In fact, this was one of our favourite beaches thus far. The clear waters made for fantastic snorkelling and the sand was the perfect consistency for creating mermaid sculptures. The best part? The water temperature was a balmy 17 degrees at the start of spring. Unheard of in Victoria!
The park itself had all the standard features that you’d expect, such as a basketball court, playground, games room, barbecues and loads of rabbits that were great entertainment for the kids (“Mum, there’s another bunny!”).
I was hesitant about staying in a caravan park at first, given that all of our previous trips had been in the bush. But it didn’t take long to acclimatise to the sounds of the park and, after a few days, the kids were so exhausted from all the activity they crashed into bed with ease.
SO MUCH TO DO
There were endless family-friendly activities in the nearby regions. Of course, this included swimming. We also gave the surfboards a good work-out at Fingal Bay Surf Beach.
The kids begrudgingly agreed to the 2.2km return walk to the summit of Tomaree Head, 161m above Port Stephens. However, by the time they made it to the top, they were truly appreciative of the view.
We went to the Stockton Bight sand dunes, intending to just check them out. However, after getting a glimpse of the awe-inspiring 32 kilometres of the longest moving sand dunes in the southern hemisphere, we splurged on a camel ride. The dunes reach heights of over 40 metres with slopes up to 60 degrees, which offers kids (and adults) the perfect opportunity to roll down and cover themselves in sand.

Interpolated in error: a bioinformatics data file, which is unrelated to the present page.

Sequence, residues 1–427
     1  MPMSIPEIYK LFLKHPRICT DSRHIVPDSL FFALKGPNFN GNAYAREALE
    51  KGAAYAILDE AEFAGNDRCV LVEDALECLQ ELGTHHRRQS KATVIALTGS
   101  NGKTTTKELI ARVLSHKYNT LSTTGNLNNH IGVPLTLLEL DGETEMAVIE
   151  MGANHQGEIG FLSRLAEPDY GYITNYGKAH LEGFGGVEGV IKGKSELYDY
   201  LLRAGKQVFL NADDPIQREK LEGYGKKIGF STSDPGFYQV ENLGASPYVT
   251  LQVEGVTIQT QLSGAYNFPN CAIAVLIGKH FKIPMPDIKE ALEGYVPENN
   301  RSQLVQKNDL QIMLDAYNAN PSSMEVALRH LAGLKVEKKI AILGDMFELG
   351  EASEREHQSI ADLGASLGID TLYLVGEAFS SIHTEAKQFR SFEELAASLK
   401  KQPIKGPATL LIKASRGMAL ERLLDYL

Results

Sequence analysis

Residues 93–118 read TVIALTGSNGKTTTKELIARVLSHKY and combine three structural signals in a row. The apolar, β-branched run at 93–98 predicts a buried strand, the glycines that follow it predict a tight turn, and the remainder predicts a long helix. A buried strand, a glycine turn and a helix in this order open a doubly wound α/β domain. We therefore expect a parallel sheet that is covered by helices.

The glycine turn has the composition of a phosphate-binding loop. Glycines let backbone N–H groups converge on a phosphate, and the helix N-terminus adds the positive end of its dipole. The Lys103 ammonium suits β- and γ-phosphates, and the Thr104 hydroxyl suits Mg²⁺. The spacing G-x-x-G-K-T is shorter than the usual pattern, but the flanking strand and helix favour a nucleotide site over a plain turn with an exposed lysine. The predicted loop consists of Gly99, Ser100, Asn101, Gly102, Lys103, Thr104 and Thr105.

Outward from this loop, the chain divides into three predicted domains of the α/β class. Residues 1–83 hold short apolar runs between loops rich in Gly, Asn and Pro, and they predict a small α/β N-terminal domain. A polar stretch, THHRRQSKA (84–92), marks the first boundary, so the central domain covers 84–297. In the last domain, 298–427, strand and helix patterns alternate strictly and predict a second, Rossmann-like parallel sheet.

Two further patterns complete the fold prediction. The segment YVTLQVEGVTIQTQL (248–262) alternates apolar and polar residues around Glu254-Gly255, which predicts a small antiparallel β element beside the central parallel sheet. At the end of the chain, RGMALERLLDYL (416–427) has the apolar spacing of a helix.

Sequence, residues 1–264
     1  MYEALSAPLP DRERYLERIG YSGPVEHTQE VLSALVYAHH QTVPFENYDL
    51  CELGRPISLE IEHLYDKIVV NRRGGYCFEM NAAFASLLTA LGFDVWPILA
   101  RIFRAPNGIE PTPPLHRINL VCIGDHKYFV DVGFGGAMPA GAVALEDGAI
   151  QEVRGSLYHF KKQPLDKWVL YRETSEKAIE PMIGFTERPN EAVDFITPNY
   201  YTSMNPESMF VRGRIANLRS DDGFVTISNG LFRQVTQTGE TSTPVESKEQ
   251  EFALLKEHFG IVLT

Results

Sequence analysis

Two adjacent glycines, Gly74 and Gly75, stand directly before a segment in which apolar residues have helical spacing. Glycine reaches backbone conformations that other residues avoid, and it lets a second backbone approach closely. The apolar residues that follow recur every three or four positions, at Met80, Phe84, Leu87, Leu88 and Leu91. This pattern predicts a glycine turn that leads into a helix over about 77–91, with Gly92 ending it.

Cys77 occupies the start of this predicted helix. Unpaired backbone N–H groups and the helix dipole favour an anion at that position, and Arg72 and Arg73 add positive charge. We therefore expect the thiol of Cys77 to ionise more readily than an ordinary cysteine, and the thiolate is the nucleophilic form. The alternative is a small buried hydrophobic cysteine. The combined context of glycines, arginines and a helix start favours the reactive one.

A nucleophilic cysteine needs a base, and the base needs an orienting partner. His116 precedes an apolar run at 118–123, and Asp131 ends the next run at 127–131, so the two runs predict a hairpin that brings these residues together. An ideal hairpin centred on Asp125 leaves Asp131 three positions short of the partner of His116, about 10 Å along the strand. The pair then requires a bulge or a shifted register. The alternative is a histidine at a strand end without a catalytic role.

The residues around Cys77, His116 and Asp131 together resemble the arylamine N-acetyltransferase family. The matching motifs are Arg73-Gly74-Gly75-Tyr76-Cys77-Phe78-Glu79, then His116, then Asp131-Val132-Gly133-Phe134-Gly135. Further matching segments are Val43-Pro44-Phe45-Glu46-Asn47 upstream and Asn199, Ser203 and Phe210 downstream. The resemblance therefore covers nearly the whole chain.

Our final hurrah was a dolphin cruise – a highlight of the trip. The kids loved waiting for the beautiful bottle nosed dolphins to pop their heads out of the water and smile as they passed.
GREEN WITH ENVY
A few days into the trip, we found ourselves writing lists of the ‘things we need’ for the camper trailer. It’s a common habit of ours, driven as we are by curiosity about what our camper can achieve. Some of the things we listed this time around were big, unavoidable ones we’ll need to cope off-grid during our upcoming four month expedition. As it stands, we don’t have a fridge, a light, or a table.
To gain a sense of how we can spec up the camper, we wandered around the holiday park surreptitiously, checking out other setups and equipment. Now and then, unable to gauge the specifics from afar, we’d approach our fellow campers to ask for their advice. What did they think of the Engel fridge? How did they fit in various tables and storage units? And how did they store their clothes?
We definitely picked up a few ideas this way, because people are always happy to share. But, by the end, we realised your spec sheet isn’t the half of it. The kids still proclaimed this to be ‘The Best Holiday Ever’, which helped us to realise that, ultimately, it’s not about having a perfect setup. It’s about the places you go and the memories you make.
One of the most obvious takeaways for us is that Port Stephens is an amazing place to visit in September, thanks to the just about perfect weather.
This trip also taught us that we need to fix up the car with a few things: rubber for the roof racks, drink holders that don’t spill, a dual charger for multiple electronics. We also learned that it’s not worth putting up the camper trailer annex for a quick overnight stay en route. It’s just too difficult at 8pm when everyone wants to climb into their beds as quickly as possible.
But, most importantly of all, we learned that we can achieve a long stint in the car as a family. The kids are in fact way more resilient than we give them credit for, which is a huge relief. Now I’m confident that we’ll have an awesome time together when our extended trip comes around.